Photo of Paul Yovanic Jr.

This blog is cross-posted on The Global Privacy Watch blog site as well.

Throughout much of 2023, businesses found themselves in a challenging position as they continued to grapple with defending against Illinois Biometric Information Privacy (BIPA) class action lawsuits. The year began on a somber note with the Illinois Supreme Court delivering unfavorable decisions

This week, Seyfarth attorneys from multiple offices will be attending and presenting at the 2023 Association of National Advertisers Masters of Advertising Law Conference in Orlando, Florida.

On Wednesday, Seyfarth Partners Kristine Argentine (Chicago) and Joe Orzano (Boston) will be presenting alongside in-house counsel on a panel covering the “Effective Collaboration Between Legal and Marketing.”

Seyfarth continues to be on the forefront of issues involving the Illinois Biometric Information Privacy Act (“BIPA”). On February 10, 2023, Seyfarth attorneys Paul Yovanic and Kristine Argentine published an in-depth analysis of the current trends in BIPA litigation and what to expect for 2023 on Bloomberg Law.

The article, examines the recent Illinois

Last year was significant in Illinois Biometric Information Privacy Act (BIPA) litigation, primarily because of the many ‘firsts’ that resulted, including the first-ever BIPA trial that resulted in a staggering judgment of $228 million for 45,600 reckless/intentional violations of the statute. But aside from the jaw-dropping verdict and the Illinois Supreme Court’s decision in early

Today, the Illinois Supreme Court issued its much-anticipated decision in Tims v. Black Horse Carriers, which determined whether the one-year or five-year statute of limitation applies to claims filed under the Illinois Biometric Privacy Act. In the landmark decision (found here), the Court veered from the Illinois Appellate Court’s splicing of limitations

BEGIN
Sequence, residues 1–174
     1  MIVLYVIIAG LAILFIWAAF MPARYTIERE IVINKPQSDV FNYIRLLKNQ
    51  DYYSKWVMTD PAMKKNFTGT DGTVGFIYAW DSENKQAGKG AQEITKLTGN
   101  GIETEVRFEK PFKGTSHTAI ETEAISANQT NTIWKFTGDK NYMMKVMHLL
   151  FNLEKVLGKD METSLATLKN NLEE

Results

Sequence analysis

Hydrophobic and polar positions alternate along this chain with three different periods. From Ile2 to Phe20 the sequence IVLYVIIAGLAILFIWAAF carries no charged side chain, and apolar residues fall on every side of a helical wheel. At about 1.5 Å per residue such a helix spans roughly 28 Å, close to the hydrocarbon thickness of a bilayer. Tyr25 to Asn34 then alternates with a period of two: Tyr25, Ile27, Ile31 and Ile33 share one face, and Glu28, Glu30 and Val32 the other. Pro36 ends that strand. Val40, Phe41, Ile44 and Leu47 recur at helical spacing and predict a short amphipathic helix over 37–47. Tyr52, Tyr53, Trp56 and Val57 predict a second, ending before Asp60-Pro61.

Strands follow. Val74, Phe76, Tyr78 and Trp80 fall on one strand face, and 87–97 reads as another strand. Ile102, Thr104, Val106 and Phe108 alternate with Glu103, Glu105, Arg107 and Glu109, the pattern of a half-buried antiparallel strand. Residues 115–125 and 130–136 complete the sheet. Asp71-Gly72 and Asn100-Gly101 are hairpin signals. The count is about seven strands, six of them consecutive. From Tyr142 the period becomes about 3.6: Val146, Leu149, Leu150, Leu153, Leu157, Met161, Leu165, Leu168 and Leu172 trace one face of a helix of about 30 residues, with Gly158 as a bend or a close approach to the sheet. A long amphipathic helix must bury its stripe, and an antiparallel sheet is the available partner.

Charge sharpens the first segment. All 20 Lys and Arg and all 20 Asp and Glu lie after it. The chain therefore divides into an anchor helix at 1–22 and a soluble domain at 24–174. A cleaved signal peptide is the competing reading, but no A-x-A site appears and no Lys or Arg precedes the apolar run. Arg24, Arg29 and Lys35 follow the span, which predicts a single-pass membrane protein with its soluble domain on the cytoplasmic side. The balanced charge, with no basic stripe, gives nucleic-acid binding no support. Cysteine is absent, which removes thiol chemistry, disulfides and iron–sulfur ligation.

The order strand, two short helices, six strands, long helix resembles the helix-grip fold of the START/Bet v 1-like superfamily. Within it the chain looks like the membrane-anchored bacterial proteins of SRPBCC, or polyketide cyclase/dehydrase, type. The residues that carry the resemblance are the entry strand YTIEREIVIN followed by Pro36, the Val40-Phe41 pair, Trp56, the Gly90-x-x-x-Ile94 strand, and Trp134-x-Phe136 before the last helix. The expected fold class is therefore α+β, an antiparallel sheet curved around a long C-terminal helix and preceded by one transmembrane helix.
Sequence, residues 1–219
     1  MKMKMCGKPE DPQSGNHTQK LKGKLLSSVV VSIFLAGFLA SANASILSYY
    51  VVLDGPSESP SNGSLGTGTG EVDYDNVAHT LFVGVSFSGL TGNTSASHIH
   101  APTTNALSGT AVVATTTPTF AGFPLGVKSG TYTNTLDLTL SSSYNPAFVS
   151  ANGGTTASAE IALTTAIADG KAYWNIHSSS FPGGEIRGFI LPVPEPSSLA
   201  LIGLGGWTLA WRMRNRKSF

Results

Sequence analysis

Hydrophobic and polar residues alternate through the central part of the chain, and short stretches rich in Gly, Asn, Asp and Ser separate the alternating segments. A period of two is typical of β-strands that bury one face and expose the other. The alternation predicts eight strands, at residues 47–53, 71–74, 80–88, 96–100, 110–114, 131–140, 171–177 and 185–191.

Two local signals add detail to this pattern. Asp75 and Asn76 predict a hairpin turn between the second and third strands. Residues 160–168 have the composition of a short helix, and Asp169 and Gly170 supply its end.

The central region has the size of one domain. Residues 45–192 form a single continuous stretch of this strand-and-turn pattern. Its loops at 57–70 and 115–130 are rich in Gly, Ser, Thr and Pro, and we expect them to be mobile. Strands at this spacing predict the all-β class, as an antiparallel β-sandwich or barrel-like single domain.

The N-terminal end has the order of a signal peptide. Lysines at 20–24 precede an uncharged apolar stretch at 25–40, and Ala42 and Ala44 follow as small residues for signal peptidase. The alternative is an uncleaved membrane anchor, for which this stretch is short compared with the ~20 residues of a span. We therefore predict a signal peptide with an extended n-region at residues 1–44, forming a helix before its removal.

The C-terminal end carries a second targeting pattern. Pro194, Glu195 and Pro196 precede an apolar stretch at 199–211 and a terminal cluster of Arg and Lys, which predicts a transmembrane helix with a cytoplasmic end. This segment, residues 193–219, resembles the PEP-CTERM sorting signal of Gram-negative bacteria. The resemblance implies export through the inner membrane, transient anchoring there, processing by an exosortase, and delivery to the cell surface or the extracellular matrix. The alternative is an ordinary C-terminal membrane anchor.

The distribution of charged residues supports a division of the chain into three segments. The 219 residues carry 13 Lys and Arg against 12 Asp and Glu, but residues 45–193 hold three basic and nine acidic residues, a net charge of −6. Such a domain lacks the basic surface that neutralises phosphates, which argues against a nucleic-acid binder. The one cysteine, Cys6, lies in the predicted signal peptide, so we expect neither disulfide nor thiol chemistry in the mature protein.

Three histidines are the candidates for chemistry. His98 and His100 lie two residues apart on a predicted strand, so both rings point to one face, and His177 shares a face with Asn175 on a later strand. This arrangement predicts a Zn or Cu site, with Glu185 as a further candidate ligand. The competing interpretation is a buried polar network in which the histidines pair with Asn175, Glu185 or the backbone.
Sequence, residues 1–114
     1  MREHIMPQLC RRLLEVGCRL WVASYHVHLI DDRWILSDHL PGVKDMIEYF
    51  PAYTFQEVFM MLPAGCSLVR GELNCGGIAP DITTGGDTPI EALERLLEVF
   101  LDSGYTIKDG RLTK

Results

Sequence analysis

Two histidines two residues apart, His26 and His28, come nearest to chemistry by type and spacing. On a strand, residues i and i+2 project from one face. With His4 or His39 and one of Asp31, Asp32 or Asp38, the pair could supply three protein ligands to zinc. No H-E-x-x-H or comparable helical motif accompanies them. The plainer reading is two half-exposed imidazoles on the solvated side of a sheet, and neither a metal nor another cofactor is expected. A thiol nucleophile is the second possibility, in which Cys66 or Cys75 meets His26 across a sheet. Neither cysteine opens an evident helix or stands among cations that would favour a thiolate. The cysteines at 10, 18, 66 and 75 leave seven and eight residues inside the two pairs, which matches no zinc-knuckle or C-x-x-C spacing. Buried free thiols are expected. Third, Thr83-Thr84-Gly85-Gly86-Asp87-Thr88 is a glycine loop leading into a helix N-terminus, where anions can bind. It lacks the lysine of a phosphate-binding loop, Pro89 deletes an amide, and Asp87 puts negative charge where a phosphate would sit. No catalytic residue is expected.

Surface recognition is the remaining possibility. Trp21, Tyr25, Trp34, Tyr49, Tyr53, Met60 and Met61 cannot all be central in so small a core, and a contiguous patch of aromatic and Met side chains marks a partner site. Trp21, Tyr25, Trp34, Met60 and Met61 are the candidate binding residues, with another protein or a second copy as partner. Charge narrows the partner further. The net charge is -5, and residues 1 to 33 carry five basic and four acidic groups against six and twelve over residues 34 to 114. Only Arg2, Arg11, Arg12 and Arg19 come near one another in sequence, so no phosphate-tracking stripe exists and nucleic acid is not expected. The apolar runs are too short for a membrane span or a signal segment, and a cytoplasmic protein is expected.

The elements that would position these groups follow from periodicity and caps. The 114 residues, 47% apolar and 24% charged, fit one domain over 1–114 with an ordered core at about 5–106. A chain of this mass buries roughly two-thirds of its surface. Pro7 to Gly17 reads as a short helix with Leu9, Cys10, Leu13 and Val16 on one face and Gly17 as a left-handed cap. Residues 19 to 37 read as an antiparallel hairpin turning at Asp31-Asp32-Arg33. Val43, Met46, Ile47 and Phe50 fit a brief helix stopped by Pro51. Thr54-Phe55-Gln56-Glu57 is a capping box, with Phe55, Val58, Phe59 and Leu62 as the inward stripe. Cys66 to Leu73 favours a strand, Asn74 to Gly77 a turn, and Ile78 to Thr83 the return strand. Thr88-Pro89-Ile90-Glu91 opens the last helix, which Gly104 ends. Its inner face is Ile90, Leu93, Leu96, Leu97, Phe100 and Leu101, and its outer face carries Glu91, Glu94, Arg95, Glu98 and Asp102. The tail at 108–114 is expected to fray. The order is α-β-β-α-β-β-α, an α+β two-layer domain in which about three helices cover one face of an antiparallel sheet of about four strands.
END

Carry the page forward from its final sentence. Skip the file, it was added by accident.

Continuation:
Despite its enactment in 2008, the Illinois Biometric Information Privacy Act’s (BIPA) legal standards were largely undeveloped until its emergence to the main stage circa 2017. But with the decisions in Rosenbach v. Six Flags in 2019 (standing) and McDonald v. Symphony in 2022 (workers’ compensation), and the recent $228 million jury verdict against BNSF

Seyfarth Synopsis: The New York state legislature recently introduced a standalone biometric information privacy bill, AB 27, that mirrors Illinois’ Biometric Information Privacy Act (740 ILCS § 14/1 et seq., “BIPA”), which has spawned thousands of class actions in the Land of Lincoln. If enacted, The New York bill would become only the

Biometric privacy continues to be a hot-button topic in the United States, and internationally, with states continuing to join the wave of strict consumer biometric data protection laws.  In an effort to avoid costly class action litigation as the country begins to reopen following the COVID-19 pandemic, businesses should be mindful of the potential risks

In light of the recent uptick in litigation involving the decade-old Illinois Biometric Information Privacy Act (BIPA), the Illinois state legislature is now considering amending the Act to allow for business efficiency and to bring the Act back to what some believe to be its original intent.
Continue Reading BIPA: Exemptions May Be On The Horizon For The Decade-Old Statute

Seyfarth Synopsis: In light of the uncertainties surrounding lawsuits alleging violations of the Illinois Information Biometric Privacy Act (“BIPA”), the Northern District of California has taken a firm position on a plaintiff’s Article III standing. U.S. District Judge James Donato delivered opinions in In re Facebook Biometric Info. Privacy Litig., Case No. 15-CV-03747; 2018 U.S. Dist. LEXIS 30727 (N.D. Cal. Feb. 26, 2018) and Gullen v. Facebook Inc., Case No. 16-CV-00937; 2018 U.S. Dist. LEXIS 34792 (N.D. Cal. March 2, 2018), denying Facebook’s motions to dismiss for lack of subject matter jurisdiction in both cases. The court held that plaintiffs’ Article III standing was satisfied through mere collection of biometric information.

The decisions provide plaintiffs the ability to get their feet in the door and threaten businesses and employers alike. The court dismissed Facebook’s argument that Article III standing requires “real-world harms,” stating that the argument exceeds the law. Instead, the court held that a plaintiff has standing when they are deprived of procedures that protect statutorily protected interests, similar to the procedures outlined in the BIPA.
Continue Reading California Federal District Court Does Not ‘like’ Facebook’s Standing Argument in Illinois Biometric Information Privacy Act Case